Due to the southwest location, the show has a unique merican flavor leaning heavily on early American Arts & Crafts, Native American, Western Fine Art and Ethnographic Art, but with more than 200 dealers anything and everything can and does show up. It is a designer and decorator’s dream and a shopper’s paradise, both for the novice collector and the well-seasoned veteran.

  • El Rancho de las Golondrinas is where the west is truly wild this summer.
    From 10 a.m.-4 p.m. Aug. 1-2, members of the community can meet lawmen, desperados and mountain men who put the “wild” in “wild west!” Learn about life and how people survived on the dangerous frontier.
    There will be two special performances at 11 a.m. and 3 p.m., of the New Mexico Territory Cowboy Mounted Shooters.
    From 11:45 a.m.-2:45 p.m., both days, instructors will be available to teach archery and atlatl. Reservations are required and sign up for a shoot as soon as possible to get a spot because spaces fill up quickly and are on a first come, first served basis.
    Saturday only, The Honorable Bruce Black will present a lecture on “Elfego Baca: Lawman of New Mexico” in the Paloheimo Education Center.
    From 1-1:45 p.m. Saturday and Sunday in the Golondrinas Chapel, Edward Wallace will speak about “Estevan the Moor,” the 1539 Fray Marcos de Niza expedition.
    In addition, there will be Musical Performers of the Frontier Past, Mark Gardner and Rex Rideout, frontier music by Yesso Stockman, and music from the ranch and open range by Steve Cormier. Plus, roving fiddle music by New Mexico’s own, Michael Jasper.

  • Ever want to learn more about what’s growing at the Los Alamos Nature Center? Becky Oertel, head of the Pajarito Environmental Education Center’s landscape committee and veteran gardener Natali Steinberg will explain. The public is welcome to see what’s growing, why each plant was chosen, and what kind of care they need to thrive. The tour will be 7 p.m. Aug. 4 at the Los Alamos Nature Center, 2600 Canyon Road. It is free to attend, and no registration is required. 

  • With his wealth of compositions, Wolfgang Amadeus Mozart is one of the most favored composers in Western music, and well-liked at The Santa Fe Opera. This year they are presenting an earlier work of Mozart’s, “La Finta Giardiniera.” This opera, with its unrealistic plot, is enjoyable, no matter how nonsensical the action on the stage seems. Mozart’s music is so agreeable that it renders weaknesses in the storyline irrelevant.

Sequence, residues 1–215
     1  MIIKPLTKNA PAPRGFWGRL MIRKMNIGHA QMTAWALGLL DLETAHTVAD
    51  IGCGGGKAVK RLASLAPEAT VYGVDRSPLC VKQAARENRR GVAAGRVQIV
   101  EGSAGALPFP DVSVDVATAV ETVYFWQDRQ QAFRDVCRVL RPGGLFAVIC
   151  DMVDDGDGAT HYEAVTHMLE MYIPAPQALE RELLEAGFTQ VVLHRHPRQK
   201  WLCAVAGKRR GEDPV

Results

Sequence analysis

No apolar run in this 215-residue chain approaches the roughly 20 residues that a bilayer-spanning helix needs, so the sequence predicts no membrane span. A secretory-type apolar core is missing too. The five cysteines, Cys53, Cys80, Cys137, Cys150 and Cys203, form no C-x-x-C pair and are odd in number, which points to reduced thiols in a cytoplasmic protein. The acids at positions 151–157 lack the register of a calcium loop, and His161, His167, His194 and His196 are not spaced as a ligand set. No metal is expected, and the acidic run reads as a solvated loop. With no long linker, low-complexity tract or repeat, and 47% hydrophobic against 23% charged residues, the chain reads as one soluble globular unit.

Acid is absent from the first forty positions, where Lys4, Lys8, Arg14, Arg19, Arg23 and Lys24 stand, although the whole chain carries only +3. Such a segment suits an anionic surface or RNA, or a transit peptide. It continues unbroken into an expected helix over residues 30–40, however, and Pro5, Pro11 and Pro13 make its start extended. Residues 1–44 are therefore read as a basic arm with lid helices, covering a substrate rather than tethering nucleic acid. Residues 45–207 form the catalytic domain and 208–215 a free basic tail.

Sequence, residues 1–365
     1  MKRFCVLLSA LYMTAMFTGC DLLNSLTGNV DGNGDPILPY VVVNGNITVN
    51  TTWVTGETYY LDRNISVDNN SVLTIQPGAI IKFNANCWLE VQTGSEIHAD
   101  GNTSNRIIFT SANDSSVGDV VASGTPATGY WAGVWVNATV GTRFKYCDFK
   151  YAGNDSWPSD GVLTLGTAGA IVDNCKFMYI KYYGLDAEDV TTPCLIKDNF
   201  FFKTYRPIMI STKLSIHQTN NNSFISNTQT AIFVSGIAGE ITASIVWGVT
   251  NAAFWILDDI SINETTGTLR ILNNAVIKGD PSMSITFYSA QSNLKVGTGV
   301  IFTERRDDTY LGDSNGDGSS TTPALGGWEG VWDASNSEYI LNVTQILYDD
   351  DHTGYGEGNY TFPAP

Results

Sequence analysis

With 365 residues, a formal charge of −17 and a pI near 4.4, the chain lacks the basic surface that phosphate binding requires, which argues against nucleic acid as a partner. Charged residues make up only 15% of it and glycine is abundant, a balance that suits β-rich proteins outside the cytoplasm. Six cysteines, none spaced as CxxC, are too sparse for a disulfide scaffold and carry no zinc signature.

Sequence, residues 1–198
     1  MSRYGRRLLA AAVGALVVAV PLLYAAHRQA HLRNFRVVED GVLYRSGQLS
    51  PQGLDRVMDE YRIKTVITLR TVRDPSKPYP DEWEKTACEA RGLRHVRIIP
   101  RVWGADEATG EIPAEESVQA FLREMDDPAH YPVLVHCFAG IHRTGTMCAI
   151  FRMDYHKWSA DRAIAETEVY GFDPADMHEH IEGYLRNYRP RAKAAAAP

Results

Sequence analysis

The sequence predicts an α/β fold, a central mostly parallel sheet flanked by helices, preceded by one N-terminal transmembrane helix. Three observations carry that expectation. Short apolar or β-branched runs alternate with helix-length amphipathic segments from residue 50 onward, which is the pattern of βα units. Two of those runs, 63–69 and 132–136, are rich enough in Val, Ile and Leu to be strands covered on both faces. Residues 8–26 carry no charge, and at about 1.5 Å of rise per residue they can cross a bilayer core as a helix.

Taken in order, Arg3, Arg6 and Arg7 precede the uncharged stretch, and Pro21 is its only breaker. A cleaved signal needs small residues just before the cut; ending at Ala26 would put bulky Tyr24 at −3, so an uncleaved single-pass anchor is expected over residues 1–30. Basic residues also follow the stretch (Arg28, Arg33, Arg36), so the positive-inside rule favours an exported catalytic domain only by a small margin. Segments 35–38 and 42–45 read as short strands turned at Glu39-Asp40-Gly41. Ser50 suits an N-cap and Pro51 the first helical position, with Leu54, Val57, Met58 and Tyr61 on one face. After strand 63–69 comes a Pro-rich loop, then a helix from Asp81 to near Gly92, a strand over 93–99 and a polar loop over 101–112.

The orchestra is, as usual, fantastic, as is the conductor, Harry Bicket. Bicket is also very pleasing to watch. It sounds as though this bouncy, energetic score derives some panache from the man with the baton.
    The set is exactly what one would expect for a Mozart piece — however, this doesn’t mean it’s boring. Audience members can settle in their seats and view the extraordinary Santa Fe sunset happening in the background, making each performance unique. The costumes, as well, are fairly typical, but again, not in the least boring. The Podestà looks magnificent, as does his niece, Arminda.
    Even the plain black clothing in which the servants are dressed is beautifully tailored, and the colors and fabrics provide a wonderful visual balance with the stage.

  • Today
    Downtown Dogs is a weekly walking group. All dogs and their humans are invited to walk from Pet Pangaea, 158 Central Park Square for a stroll around Downtown Los Alamos. 7 p.m. Come prepared with a standard leash, no longer than 6 feet.

    Swing dancing. 7 p.m. at Sheriff’s Posse Lodge, 650 North Mesa Road. $3-$5. For more information, email AtomicCitySwing@gmail.com.

    (This) Ability: Trisha Ebbert. Through Saturday at the Portal Gallery.
    Friday
    Gentle Hikes with PEEC. A gentle walk for which the emphasis is on discovery, not mileage gained. 8:30 a.m. Free. Adults. Meet at the Nature Center and carpool to the trailhead. For more information, losalamosnature.org.

    Quiet, Gentle Walks. Join Sue Watts for a gentle walk along a relatively flat trail. The walks range from 1-2 miles and may include gentle changes in elevation.  Each walk includes 20 minutes of silent walking. Free. Meets every Friday at 8:30 a.m. at the Nature Center. Check peecnature.org for any changes.

  • “Best Summer Camp Ever!!! Wish it lasted longer,” wrote one young participant on a survey after the University of New Mexico-Los Alamos Summer Program for Youth wrapped up in mid-July.
    Offering five days of afternoon classes on chemistry in the kitchen, robotics and university explorations, the Youth College program, geared toward kids entering grades 4-6, boasted 51 participants. “I learned a lot that I hadn’t known before...This camp was awesome!” shared another participant.
    For students entering grades 1-3, Children’s College presented Adventures at the University, an exploration of various STEM topics and included astronomy, chemistry, nutrition and art activities indoors and outdoors.
    “It encouraged me to be a chemist when I grow up,” wrote one of the 18 kids in the program.